FINDING RECOVERY AND YOURSELF IN TORAH: A daily spiritual path to wholeness (Jewish Lights)

Hundreds of thousands of people will die this year from drug abuse and yet, fewer than one in five people who need treatment will actually receive it. While this epidemic has only recently attracted the attention of the global population with newly published research and widespread news coverage; these problems are actually no different than those faced by our ancestors. The Torah is the first "Big Book" of recovery from addictive thinking and acting.

In this soul-restoring resource, Rabbi Mark Borovitz combines his knowledge of Judaism and his experience as a leader in the field of recovery to help you find in the Five Books of Moses the deeper meaning, wisdom and guidance for living well in the moment.

For each Torah portion, he provides seven days of teachings and reflection questions to help you reconnect with your sacred self, discover solutions to life’s challenges and to help you heal.

This book is for all people; those in recovery from substance and process addictions who yearn for resources that address addiction as a spiritual malady as well as a life-threatening disease and anyone looking for a deeper understanding of themselves and the Hebrew Bible. It is an ideal companion to 12-step programs.

TESTIMONIALS

A valuable asset to the crucial role of spirituality in recovery.
— Rabbi Abraham Twerski, an American Hasidic rabbi, psychiatrist specializing in substance abuse, and author of over sixty books on Judaism and self-help topics
Rabbi Mark’s new book will give you the right questions in order to enhance the way you live. His wisdom is both Spiritual and Street. I’ve worked with him in various ways over the last ten years and he has helped me in ways I never thought possible.
— Jimmy Iovine, Entrepreneur, co-founder Interscope records, chairman of Interscope Geffen A&M, co-creator Apple Music.
Mark Borovitz knows what is to hit rock bottom. More importantly he knows what it takes to climb back up again. Finding Recovery and Yourself in Torah is a climber’s manual for anyone whose lifeline includes the Five Books of Moses. Presenting Torah as a series of probing questions rather than moralistic answers, Rabbi Borovitz helps you find the in–sights you need to live the recovery you want. An important and compelling book
— Rabbi Rami Shapiro, award winning author, poet, essayist, and educator who holds both Ph.d. and D.D. degrees from Hebrew Union College, he is also a congregational rabbi for twenty years, and currently the Adjunct Professor of Religious Studies at Middle Tennessee State.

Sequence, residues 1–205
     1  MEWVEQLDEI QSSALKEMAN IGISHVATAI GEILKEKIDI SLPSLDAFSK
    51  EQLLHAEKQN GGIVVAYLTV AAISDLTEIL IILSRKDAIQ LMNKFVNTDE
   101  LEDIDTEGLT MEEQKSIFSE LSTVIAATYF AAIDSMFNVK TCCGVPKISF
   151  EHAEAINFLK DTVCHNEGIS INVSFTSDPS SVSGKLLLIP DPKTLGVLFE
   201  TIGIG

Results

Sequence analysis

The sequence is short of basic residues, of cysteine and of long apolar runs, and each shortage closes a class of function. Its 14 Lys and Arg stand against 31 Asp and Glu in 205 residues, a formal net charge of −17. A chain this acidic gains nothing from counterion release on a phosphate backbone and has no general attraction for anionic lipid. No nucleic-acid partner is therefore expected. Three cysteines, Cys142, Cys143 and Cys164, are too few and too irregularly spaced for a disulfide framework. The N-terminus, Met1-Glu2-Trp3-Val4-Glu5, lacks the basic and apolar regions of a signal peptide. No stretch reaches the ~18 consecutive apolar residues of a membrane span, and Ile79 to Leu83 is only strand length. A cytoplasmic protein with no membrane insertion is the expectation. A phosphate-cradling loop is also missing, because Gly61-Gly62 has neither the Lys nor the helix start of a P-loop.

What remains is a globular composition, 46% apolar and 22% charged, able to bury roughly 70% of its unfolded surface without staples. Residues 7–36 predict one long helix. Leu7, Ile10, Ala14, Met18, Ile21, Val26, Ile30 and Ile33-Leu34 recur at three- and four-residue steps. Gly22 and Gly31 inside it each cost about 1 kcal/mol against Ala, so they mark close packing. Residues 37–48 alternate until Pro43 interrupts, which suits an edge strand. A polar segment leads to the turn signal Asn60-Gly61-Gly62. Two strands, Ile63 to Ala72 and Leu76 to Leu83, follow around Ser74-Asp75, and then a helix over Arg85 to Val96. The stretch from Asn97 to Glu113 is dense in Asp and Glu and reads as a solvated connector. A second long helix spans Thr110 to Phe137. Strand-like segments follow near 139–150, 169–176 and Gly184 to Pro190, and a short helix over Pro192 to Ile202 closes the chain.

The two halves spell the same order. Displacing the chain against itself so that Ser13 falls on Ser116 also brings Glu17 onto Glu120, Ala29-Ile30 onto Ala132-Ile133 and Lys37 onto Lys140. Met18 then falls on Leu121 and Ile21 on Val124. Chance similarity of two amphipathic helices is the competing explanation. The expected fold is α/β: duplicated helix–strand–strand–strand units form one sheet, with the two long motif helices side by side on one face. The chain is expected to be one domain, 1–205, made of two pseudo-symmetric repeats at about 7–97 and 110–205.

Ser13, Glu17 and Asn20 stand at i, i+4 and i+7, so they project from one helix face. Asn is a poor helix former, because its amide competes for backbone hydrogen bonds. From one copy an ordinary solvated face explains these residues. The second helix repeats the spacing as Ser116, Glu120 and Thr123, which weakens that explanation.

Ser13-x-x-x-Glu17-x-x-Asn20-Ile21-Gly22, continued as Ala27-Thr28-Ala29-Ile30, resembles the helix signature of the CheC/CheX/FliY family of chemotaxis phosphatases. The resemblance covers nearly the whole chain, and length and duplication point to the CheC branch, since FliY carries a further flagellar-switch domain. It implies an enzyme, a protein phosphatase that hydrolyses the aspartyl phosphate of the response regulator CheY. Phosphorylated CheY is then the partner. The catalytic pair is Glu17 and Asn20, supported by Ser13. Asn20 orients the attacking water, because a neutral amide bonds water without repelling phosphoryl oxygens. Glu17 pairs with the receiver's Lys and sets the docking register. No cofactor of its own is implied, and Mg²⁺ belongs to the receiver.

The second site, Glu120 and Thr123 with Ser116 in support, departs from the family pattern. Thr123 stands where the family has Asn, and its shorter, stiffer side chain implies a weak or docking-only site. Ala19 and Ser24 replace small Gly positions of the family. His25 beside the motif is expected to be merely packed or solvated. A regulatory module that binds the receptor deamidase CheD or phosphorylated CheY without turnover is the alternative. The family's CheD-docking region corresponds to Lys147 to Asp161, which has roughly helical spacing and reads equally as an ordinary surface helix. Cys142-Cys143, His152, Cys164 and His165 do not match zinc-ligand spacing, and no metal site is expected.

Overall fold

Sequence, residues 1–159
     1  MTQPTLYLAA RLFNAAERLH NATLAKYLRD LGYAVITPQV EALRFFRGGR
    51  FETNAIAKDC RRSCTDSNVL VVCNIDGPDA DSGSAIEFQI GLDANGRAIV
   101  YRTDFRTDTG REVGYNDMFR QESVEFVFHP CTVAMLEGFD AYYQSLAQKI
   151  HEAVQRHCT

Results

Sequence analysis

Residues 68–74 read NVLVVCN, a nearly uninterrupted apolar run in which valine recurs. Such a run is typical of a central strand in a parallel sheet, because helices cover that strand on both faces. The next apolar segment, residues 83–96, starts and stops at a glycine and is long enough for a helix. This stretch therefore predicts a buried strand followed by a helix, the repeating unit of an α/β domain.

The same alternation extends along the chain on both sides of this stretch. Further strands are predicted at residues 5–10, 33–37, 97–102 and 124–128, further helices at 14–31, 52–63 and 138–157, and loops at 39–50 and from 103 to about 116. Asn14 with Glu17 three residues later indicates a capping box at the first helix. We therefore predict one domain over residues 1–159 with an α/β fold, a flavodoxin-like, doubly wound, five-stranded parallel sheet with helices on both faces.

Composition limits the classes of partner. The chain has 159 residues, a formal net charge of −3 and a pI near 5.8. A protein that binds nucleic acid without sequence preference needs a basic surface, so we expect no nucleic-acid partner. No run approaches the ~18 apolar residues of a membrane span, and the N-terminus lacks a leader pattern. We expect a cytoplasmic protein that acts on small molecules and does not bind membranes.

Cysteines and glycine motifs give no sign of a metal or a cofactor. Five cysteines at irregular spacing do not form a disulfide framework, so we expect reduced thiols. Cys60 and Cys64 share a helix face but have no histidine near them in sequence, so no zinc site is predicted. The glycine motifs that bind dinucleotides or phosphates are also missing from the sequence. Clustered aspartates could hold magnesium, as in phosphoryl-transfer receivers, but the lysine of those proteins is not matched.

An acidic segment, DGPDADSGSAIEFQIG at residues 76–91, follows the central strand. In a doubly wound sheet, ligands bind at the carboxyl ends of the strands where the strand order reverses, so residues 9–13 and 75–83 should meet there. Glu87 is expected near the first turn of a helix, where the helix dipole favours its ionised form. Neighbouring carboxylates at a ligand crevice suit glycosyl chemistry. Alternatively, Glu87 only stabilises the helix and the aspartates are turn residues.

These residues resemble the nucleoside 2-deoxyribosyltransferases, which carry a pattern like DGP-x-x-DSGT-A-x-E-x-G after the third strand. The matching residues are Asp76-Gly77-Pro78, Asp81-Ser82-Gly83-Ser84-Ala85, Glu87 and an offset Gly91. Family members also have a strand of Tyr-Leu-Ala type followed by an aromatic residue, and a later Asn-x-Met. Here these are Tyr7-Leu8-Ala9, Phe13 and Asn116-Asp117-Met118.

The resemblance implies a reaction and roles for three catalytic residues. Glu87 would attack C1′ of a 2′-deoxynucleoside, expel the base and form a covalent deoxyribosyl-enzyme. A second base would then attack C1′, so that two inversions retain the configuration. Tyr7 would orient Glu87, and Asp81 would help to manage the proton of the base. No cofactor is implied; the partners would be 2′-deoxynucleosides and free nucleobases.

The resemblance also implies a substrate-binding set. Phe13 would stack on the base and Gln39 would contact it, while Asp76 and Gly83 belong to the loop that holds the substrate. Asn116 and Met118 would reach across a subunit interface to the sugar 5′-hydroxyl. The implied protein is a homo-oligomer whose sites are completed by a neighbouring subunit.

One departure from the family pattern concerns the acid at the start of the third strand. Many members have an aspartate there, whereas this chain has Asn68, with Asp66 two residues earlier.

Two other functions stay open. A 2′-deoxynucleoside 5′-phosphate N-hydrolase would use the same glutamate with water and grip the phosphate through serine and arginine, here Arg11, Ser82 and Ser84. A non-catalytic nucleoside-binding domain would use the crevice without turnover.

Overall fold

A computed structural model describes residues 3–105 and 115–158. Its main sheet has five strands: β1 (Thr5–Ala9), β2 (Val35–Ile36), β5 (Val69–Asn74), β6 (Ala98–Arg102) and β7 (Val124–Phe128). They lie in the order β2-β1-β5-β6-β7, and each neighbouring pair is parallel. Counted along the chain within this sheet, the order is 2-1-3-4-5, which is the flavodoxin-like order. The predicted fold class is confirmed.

THE HOLY THIEF: A Con man's journey from darkness to light (harper Collins Publishers)

The Holy Thief: A Con Man's Journey from Darkness to Light
$13.99
By Mark Borovitz, Alan Eisenstock

Mark Borovitz was a mobster, gangster, con man, gambler, thief, and a drunk. He's seen it all. In this inspiring memoir, he takes you on a journey from the streets to discovering his soul in a prison cell.

When Mark was fourteen, his father died and his world came crashing down. He stole, gambled, and drank, beginning a twenty-year life of crime, all the while trying to be the good son, the good brother, the good boy, but his life only spun more out of control until the mob put a hit out on him.

After his release from prison, the drinking and thieving continued until, at the edge of oblivion, he experienced a moment of true divine intervention, a startling revelation that saved his life.

Mark Borovitz proved that you can change your life -- profoundly. He is now the rabbi at Beit T'Shuvah in Los Angeles, the House of Return, a rehabilitation facility for addicts of all kinds.

The Holy Thief is the remarkable memoir of an amazing man. It is a true-life gangster story, a passionate love story, and a case of study in redemption. Regardless of your faith, you will find his story tragic, funny, uplifting, and inspirational.

TESTIMONIALS

Heart-wrenching but hilarious, raw but refreshing, this everyman tale reminds us that even nice Jewish boys can go bad, but they can also be redeemed.
— Publishers Weekly
Spine-tingling spiritual awakening.
— The Washington Post
A unique blend of soulful insight mixed with a does of street-smart profanity... Borovitz reveals what he calls the ‘sins’ of his past with the fast-paced punch of a crime novel.
— The Jewish Advocate